Funding requirements have been growing in the MENA region as governments seek to build much needed infrastructure, create employment opportunities for the younger generation and diversify their economies from the traditional hydrocarbon-based industries.
Corporates - whether privately owned or government-related entities - rely on their shareholders, banking partners and sukuk/bondholders to finance their growth. This increasing need for funding has lifted the debt capital market in the GCC over the recent years.
However, because of the GCC economies' strong ties with the USD, it comes as no surprise that majority of bonds and sukuks issued in the region are dollar-denominated. In the last week of January 2013, for instance, the Dubai government and Qatar Telecom (Qtel) successfully raised debts at highly favorable rates.
The government of Dubai's Islamic bond issuance generated USD 1.25 billion and was oversubscribed by a factor of 12. Qtel, on the other hand, conveniently raised USD 1 billion from its 15- and 30-year bonds.
While this healthy demand for USD bonds may prove beneficial to government and private entities looking for funding, it does not help the central banks of the UAE and Qatar achieve their objectives of developing the local bond market (refer to Table 1 and 2).
At equivalent yields, international institutional investors will logically prefer to invest in USD-denominated bonds because they manage their exposure in USD and expect to benefit from greater liquidity provided by like-minded investors.
However, local investors collecting income in domestic currency are usually in need of local currency-denominated bonds. If the local currency is pegged to the USD, as is the case for the UAE dirham and the Qatari riyal (QAR), the incentive for the local investor to chase local currency bonds is minimal.
As long as the currency is pegged, local issuers are more inclined to issue debt instruments in USD if it can provide them with the lowest cost of funding, thanks to the increased liquidity enjoyed by the debt instrument. Only a happy few, however, can expect to join the "USD bond" club due to size, governance, government implicit support and international presence.
None of the bonds were issued in AED and QAR in 2012. Data sourced from Zawya Bonds Monitor
Aside from providing significant financing option to domestic issuers, local currency bonds/sukuks also help build regional financial hubs. In addition, they allow central banks to be less reliant on external funding in case of stress while minimizing dependency on the USD in the event of a de-pegging.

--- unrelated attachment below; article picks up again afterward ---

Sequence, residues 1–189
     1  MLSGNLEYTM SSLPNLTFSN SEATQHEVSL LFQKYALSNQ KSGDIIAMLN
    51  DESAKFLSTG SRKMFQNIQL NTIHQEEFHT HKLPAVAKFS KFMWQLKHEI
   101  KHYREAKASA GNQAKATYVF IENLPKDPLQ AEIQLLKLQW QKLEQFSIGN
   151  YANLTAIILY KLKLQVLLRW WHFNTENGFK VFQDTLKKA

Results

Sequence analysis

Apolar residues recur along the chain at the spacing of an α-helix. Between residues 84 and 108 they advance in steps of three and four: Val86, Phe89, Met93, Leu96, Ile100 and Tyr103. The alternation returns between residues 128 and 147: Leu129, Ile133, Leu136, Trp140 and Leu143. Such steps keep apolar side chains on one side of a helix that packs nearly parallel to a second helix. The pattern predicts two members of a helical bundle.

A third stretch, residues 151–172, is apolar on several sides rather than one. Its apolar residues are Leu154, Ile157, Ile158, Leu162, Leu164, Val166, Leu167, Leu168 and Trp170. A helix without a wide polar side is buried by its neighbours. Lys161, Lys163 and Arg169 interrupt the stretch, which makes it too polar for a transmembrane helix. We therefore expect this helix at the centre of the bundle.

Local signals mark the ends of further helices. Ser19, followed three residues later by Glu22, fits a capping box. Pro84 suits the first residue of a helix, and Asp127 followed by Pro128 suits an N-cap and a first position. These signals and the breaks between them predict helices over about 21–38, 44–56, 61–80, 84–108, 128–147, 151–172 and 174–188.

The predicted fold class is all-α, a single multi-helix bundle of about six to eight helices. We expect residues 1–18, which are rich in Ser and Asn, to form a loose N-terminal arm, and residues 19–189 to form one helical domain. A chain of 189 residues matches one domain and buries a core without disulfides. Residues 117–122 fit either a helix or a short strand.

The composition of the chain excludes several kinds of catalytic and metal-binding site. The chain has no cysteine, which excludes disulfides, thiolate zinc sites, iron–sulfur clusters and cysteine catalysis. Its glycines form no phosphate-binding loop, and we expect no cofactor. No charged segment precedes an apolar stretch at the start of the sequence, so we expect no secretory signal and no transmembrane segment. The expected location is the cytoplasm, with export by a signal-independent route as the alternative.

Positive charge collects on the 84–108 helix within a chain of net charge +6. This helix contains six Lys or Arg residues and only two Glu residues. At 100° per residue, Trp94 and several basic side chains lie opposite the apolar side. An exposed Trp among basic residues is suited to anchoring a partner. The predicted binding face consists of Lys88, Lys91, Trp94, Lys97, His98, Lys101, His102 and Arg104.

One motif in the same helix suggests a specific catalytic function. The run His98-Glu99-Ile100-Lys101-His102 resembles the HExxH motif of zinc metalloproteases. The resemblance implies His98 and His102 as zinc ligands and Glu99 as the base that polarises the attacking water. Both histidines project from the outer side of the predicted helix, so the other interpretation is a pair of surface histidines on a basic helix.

Recently, Qatar hinted at the possibility of issuing three- and five-year local currency sovereign bonds this year in a bid to "build the domestic bond yield curve so the new issuances will be tradable instruments," according to an International Monetary Fund (IMF) representative. The move has been seen as an effort to refinance the USD 14 billion worth of three-year bonds issued to local banks in January 2011.
While Qatar's initiative may be an important step to building the yield curve, there is a concern on whether this will lead to a secondary market. How can this effort convince both issuers and institutional investors to participate in the local bond market if liquidity is lacking?
Today, medium-sized companies and family holdings in Qatar, as well as the UAE, are left out as issues of USD 150 million or less are extremely rare. An entire funding segment that has been critical to the growth of US, European and Chinese companies is not available in these Gulf states.
As Qatar embarks on a massive infrastructure development in preparation for the FIFA 2022 World Cup, most local companies would have to stay on the sidelines. Without access to sufficient medium-term financing at reasonable cost, they will not be able to participate effectively in the development program.
This would not have been a critical issue if local banks were able to take up the entire requirements. However, there are a few good reasons why they cannot.
To enumerate, the Qatar Central Bank (QCB) is carefully monitoring the real estate/construction exposure of local banks as some have been discovered to be "flirting" with the limit. Personal guarantees are, in numerous cases, "used up" by banks when providing lending facilities. The limit on local deposits which can be raised in Qatar is also constraining banks in their ability to fund their loan growth. Prudential rules likewise entice banks to favor most liquid instruments and shorter term maturities.
In addition, Qatari banks have retained most of the Q-bills issued by QCB in 2011 instead of helping to create a liquid market. As a result, QCB is encouraging local banks to develop abroad in order to diversify their risk profile, thus reducing their onshore lending capacity.
Local demand on the rise
However, there is a growing number of local institutional investors (i.e. pension funds, insurers and high-net-worth individuals), who have long-term liabilities or residency in Qatar and are looking for fixed income type returns, preferably in local currency. They are the long-term resilient engine that will fuel Qatar's economy going forward and help the private sector reach financial maturity.